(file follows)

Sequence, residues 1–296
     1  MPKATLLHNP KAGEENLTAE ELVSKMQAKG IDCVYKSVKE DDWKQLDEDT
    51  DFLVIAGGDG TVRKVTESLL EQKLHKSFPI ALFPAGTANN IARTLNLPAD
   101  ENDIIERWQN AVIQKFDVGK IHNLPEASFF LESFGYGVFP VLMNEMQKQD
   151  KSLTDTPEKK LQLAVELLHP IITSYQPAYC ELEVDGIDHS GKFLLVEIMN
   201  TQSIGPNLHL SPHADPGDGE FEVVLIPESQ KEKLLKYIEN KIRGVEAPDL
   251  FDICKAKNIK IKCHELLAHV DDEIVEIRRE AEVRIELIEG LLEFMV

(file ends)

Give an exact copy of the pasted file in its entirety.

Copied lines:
Sequence, residues 1–296
     1  MPKATLLHNP KAGEENLTAE ELVSKMQAKG IDCVYKSVKE DDWKQLDEDT
    51  DFLVIAGGDG TVRKVTESLL EQKLHKSFPI ALFPAGTANN IARTLNLPAD
   101  ENDIIERWQN AVIQKFDVGK IHNLPEASFF LESFGYGVFP VLMNEMQKQD
   151  KSLTDTPEKK LQLAVELLHP IITSYQPAYC ELEVDGIDHS GKFLLVEIMN
   201  TQSIGPNLHL SPHADPGDGE FEVVLIPESQ KEKLLKYIEN KIRGVEAPDL
   251  FDICKAKNIK IKCHELLAHV DDEIVEIRRE AEVRIELIEG LLEFMV